Your framing is set, now it’s time to hit record- what are you going to do with the camera? Knowing when it is appropriate to incorporate camera movement can be an extremely powerful element to visually tell your story. Pans and tilts can be used to reveal certain information, or create a sense of mystery and build tension as your audience is left guessing what will enter the frame. Using a dolly to push in on a subject can add compassion and intimacy to an element of the story. Or perhaps you would like to be more organic and go handheld with the camera. This type of movement can be subtle or dramatic depending on what you are trying to visually accomplish. But even the slightest handheld movements can make your story seem more like reality. It is rare that we see the world around us sitting still, so handheld movement can visually pull your audience into the story- as if they are witnessing it through their eyes. It is also very important to know when to lock the camera down and capture a static shot- movement needs to have a purpose, adding to the visual elements.
Visually telling your story doesn’t end with your work in the field. Post-production plays a huge role in the process. Sure, the writer of the material is the author of the story - but the editor is responsible for the way the story is told and understood by audiences. Together the director and the editor must know that a key aspect in visually telling a story is in the edit. Knowing when to reveal and when not to reveal certain visual information to your audience is essential. Pacing of the edit can also inflict a variety of different emotions to help visually tell your story. Rapid edits can cause tension within the sequence, building suspense or excitement. Using the appropriate imagery back to back can also help convey a message in your story. For example shot #1 followed by shot #2 could have a very different meaning than shot #1 followed by shot #4. The editor is the invisible element that is fundamental in visual storytelling.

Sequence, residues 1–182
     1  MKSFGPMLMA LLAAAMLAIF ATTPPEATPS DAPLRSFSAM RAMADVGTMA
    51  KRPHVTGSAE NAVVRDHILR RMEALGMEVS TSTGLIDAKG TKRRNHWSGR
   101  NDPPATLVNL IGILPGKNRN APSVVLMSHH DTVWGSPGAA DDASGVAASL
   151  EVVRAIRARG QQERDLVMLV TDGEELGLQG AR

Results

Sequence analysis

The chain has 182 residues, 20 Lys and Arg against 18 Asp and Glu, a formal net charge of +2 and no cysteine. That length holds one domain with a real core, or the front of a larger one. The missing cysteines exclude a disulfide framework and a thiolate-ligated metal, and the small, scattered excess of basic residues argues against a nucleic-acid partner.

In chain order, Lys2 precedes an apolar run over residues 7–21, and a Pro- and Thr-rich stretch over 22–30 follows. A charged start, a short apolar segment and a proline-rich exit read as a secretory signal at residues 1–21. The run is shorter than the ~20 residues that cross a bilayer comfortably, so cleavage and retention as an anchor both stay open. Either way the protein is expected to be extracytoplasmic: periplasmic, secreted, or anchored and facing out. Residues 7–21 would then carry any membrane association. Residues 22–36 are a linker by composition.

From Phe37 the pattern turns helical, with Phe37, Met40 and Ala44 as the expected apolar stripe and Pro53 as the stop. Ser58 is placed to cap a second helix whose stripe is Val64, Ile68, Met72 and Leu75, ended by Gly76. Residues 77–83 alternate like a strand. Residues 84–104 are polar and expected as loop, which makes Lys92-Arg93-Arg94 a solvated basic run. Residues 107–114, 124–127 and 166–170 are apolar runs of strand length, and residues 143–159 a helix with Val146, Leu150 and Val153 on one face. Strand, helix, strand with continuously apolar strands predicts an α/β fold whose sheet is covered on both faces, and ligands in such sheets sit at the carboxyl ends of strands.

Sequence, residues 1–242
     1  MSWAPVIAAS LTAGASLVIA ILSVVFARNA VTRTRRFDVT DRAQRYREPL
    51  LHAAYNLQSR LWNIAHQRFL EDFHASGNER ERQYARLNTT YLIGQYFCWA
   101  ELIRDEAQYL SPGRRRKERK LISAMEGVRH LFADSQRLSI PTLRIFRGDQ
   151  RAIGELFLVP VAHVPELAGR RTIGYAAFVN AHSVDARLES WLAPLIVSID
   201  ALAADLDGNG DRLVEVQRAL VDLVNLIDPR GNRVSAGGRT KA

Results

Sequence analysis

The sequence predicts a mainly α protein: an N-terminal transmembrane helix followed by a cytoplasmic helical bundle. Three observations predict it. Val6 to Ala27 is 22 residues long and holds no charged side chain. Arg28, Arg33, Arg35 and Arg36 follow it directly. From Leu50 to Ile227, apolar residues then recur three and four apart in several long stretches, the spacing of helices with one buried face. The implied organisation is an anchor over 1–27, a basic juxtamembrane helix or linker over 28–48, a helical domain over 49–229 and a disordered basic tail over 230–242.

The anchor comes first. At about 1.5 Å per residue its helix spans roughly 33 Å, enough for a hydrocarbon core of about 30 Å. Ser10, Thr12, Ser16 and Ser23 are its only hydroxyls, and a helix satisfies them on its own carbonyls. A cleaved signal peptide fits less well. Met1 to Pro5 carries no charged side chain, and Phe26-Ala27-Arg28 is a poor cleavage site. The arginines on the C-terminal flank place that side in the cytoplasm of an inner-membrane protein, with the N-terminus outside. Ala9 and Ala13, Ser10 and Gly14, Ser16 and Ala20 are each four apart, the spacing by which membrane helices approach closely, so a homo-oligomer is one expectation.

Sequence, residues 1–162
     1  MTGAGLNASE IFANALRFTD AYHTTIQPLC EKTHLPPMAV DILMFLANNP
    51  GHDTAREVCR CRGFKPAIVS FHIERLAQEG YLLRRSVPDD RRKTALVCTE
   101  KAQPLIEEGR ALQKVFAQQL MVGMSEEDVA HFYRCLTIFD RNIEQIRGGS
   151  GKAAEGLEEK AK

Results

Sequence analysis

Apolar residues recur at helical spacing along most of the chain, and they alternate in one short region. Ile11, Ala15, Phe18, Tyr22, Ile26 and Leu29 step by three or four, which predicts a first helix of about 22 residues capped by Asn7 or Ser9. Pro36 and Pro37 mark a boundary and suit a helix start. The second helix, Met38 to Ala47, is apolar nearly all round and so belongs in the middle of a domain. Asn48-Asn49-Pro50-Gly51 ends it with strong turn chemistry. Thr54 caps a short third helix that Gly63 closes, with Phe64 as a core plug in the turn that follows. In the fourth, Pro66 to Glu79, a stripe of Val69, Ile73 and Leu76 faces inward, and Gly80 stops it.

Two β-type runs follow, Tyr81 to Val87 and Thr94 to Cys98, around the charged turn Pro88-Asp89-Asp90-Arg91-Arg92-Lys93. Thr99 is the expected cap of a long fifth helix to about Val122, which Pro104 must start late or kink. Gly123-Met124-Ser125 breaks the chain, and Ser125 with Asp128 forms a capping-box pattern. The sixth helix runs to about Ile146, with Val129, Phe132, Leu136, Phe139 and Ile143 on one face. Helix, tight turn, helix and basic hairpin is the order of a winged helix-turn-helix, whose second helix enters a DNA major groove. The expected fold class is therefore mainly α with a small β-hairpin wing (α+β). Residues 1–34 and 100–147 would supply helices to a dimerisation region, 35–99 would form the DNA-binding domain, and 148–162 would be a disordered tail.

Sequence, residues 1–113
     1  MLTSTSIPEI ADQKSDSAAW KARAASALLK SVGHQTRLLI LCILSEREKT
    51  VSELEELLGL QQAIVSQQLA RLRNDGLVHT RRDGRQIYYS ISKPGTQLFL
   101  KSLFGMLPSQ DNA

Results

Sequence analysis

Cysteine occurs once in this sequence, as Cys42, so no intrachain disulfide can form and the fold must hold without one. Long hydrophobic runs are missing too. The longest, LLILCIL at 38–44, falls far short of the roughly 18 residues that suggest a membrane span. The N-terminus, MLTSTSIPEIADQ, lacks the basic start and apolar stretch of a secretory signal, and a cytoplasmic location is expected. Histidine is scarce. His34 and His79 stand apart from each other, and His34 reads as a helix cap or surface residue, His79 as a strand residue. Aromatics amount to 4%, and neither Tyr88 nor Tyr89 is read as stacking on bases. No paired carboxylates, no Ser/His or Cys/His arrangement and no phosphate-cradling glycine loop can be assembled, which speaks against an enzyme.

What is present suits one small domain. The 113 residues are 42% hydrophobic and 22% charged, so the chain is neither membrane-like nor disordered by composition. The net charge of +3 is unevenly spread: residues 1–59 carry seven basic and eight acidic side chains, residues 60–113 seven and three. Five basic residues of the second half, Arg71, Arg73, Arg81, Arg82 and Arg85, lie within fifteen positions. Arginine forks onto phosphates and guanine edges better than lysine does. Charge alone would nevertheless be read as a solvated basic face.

It may be redundant and not seem like a ‘trick’, but in order to visually tell a story, there has to be a story to tell. Audiences want to see material that captivates and grabs their attention. The key to a good story is not only whether or not the audiences really care about the character/subject matter, but whether or not that story is constructed well and is digestible to the viewer. It is often said that nothing else matters but the story. We all know this is not true, but it is extremely significant. A producer can use all the flashy effects they desire and follow the other 4 visual storytelling tricks, but the bottom line is that if the story is no good the project will leave people yawning and clock-watching.
MediaSource is a media relations firm with award winning content production. MediaSource specializes in brand journalism, a marketing tactic that uses journalistic storytelling techniques to promote a brand. Based in Columbus, Ohio, the company works with the nation’s top hospitals and corporations to get their message to targeted audiences. From earned news media coverage to direct-to-consumer multimedia tactics, MediaSource delivers brand exposure worth millions of dollars in advertising value. Visit www.mediasourcetv.com to learn more.